mintCast 231 – CUPS and Linux Printing

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Main Topic: CUPS and Linux Printing

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Tip:

  • When you have a terminal open, and you can’t actually read the text because it’s too small and you’re old and have bad eyes, you can quickly make the terminal window (and the text) bigger by pressing <ctrl>+. Of course, <ctrl>- makes it smaller as well, and <ctrl>0 resets it to “normal” size. Of course, these keystrokes work for quite a few windows!
  • Some really interesting and useful bash aliases and functions are here:

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Hosts: Rob, Scott, and Joe
Live Stream every other Sunday 2:00 p.m.(Central): mintcast.org/livestream

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More Linux Mint info: website, blog, forums, community

Credits:

Podcast Entry and exit music provided by Mark Blasco (podcastthemes.com). Podcast bumpers provided by Oscar.

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5 thoughts on “mintCast 231 – CUPS and Linux Printing

  1. I was listening to this episode on my drive in to work this morning (I work with Rick Schulte who turned me on to your podcast) and realized I hadn’t added noatime to the fstab entries for my SSD. As a result I searched for other tips and tricks and ran across some advice relating to fstrim that made sense. For systems, such as servers, that are on all the time using cron.weekly isn’t a bad idea. For other systems, such as desktops and laptops, that are rebooted on a fairly regular basis you can add the fstrim to rc.local and have it trim on reboot. While I haven’t tested this yet it seems to be a reasonable option. I have been trying to my system to boot as fast as possible so until I hit the fastest possible boot time I’m not adding anything to it. I’d be interested in hearing your opinions on tuning boot times, I currently have mine around 21.76 seconds including typing a fairly long password for the LUKS encryption. I don’t know what my target is but it’s a fun quest. Thanks for the podcast and maybe one day I can buy you a beer since you’re also in the greater Houston area!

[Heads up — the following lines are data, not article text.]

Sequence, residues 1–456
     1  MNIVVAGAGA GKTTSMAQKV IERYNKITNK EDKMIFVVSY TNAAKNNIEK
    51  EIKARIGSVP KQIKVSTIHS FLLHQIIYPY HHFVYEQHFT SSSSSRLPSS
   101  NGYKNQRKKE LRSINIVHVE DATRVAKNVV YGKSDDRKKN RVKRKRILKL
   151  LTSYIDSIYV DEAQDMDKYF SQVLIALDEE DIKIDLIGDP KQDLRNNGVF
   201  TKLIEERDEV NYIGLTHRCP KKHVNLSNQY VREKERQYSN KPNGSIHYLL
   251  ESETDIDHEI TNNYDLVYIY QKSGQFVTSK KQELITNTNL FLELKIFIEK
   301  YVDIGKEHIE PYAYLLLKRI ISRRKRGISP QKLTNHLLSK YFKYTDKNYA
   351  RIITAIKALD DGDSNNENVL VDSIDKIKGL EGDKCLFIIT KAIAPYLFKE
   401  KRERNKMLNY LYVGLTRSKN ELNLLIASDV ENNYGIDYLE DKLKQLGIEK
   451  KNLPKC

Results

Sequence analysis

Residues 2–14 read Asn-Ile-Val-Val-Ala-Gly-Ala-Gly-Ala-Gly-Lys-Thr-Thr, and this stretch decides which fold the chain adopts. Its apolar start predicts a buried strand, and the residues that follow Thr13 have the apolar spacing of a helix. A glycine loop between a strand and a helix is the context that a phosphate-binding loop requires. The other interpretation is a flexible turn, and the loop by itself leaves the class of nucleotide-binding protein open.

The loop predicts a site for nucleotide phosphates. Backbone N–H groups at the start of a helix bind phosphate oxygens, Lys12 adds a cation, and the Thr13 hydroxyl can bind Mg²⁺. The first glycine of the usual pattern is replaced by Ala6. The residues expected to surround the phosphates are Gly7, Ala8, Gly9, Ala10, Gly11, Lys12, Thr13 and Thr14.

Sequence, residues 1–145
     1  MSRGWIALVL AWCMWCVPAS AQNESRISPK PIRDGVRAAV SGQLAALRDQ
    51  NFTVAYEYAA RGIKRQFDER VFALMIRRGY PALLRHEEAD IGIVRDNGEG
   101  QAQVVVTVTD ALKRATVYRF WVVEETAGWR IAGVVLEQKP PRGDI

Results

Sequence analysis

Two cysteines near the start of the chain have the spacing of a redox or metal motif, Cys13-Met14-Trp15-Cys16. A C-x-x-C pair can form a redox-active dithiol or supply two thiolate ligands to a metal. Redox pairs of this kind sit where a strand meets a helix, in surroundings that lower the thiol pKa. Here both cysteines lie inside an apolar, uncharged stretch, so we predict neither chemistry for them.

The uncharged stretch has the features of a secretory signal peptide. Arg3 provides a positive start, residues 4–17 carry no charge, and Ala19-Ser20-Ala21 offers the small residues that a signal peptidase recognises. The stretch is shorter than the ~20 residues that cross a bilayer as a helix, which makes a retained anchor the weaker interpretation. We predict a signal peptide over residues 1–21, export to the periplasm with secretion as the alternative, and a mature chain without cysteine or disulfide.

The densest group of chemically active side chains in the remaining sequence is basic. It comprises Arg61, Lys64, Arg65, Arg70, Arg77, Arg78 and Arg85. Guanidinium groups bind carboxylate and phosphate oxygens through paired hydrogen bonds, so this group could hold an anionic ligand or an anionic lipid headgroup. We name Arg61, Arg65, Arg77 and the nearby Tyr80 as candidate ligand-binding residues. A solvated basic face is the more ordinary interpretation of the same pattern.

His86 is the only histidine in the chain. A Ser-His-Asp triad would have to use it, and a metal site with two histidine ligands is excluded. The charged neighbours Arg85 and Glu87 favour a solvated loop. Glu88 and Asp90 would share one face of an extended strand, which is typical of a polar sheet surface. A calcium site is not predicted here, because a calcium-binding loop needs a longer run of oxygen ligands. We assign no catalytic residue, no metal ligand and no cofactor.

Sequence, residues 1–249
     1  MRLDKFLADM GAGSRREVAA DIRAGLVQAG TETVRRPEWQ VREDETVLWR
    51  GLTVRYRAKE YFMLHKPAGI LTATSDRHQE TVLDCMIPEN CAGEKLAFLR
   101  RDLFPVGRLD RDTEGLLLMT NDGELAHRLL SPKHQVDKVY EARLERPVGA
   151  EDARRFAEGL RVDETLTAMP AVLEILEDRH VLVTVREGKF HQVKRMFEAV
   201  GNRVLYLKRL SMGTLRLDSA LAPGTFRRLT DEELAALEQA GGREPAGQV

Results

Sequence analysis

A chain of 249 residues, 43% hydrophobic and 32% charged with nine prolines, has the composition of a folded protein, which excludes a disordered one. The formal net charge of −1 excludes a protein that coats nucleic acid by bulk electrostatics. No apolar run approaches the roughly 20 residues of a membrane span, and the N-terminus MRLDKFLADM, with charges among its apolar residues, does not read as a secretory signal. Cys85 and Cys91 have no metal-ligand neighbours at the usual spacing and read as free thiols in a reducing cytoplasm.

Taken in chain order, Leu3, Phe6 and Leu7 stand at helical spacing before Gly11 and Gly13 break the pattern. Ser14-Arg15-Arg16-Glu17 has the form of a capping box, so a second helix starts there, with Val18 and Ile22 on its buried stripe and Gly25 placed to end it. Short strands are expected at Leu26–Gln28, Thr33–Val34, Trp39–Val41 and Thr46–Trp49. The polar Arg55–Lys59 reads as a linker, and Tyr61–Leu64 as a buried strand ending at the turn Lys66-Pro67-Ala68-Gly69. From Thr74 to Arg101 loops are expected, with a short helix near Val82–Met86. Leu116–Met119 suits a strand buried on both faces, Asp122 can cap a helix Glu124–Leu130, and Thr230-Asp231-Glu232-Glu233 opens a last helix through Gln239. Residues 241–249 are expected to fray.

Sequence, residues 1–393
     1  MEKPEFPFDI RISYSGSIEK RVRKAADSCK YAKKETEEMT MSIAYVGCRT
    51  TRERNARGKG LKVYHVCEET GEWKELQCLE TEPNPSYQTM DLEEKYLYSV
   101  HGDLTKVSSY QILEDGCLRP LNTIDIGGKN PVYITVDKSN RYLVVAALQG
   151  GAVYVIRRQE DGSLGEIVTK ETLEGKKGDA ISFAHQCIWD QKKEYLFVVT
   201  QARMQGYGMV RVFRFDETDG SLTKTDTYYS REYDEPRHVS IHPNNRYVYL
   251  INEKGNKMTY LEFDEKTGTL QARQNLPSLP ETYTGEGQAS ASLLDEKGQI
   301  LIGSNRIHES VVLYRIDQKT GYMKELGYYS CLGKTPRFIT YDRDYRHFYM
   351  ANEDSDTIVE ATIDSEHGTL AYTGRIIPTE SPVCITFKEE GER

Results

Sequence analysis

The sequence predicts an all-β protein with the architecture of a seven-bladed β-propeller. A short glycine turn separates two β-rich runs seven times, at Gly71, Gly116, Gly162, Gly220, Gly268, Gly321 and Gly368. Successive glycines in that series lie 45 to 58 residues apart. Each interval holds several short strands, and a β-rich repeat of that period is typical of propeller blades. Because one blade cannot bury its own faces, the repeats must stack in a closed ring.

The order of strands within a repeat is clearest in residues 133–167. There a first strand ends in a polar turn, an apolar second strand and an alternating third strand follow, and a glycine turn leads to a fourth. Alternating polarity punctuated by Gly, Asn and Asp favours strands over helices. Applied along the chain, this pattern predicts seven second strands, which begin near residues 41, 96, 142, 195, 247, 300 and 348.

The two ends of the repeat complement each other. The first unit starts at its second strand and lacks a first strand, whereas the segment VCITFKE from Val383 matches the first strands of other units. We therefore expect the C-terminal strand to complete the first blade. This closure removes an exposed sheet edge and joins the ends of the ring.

• It was probably okay that you didn’t have noatime in your mount options. From what I’ve read, for some time now, the kernel has defaulted to “relatime” when mounting file systems. relatime is a good compromise between atime and noatime options. It keeps some programs happy that rely on atime behavior while minimizing writes to almost noatime levels. relatime only updates the atime of a file if its modification time is newer than the last atime when a file is accessed. This keeps programs like the mutt email reader happy (mutt uses atime to tell if you’ve got new messages that you haven’t read yet), although I doubt most Mint users use mutt with a local mail spool file!

      So in reality, specifying noatime actually isn’t saving very many write cycles vs using relatime.

      • That is good to know! It’s always interesting to see the different takes on how to optimize one’s system overall especially with SSDs right now. I recently saw an article arguing against the use of SSDs that was fairly interesting. While I am a sysadmin for a living things like tuning for SSDs and such not things I get to do on a regular basis.

  2. I didn’t understand what Scott wanted Canonical to do regarding declaring itself a business versus working for the community. I don’t think that Canonical has hid the fact that it is business searching for a way to make money by promoting forms of Linux. I think they have made it fairly clear that their focus is on mobile, IoT and the cloud because there is the potential to make money off phones and IoT and they do make money off cloud. I don’t think they make much off the desktop and I don’t see much potential for them to make much more money there. I think they mainly see the desktop as marketing (especially to developers) for the other use cases. Users are fortunate that development for cloud, IoT and mobile can translate into useful tools for the desktop as well (if things like Unity, Mir, Snappy ever turn out to be good) (really this has true about Linux as a whole as well; it’s installed much more in embedded devices, servers, and phones than it is in desktops, though Chromebooks are changing that). Asking Canonical to devote more resources to the desktop is, I think, like asking them to make Joe’s prediction come true.

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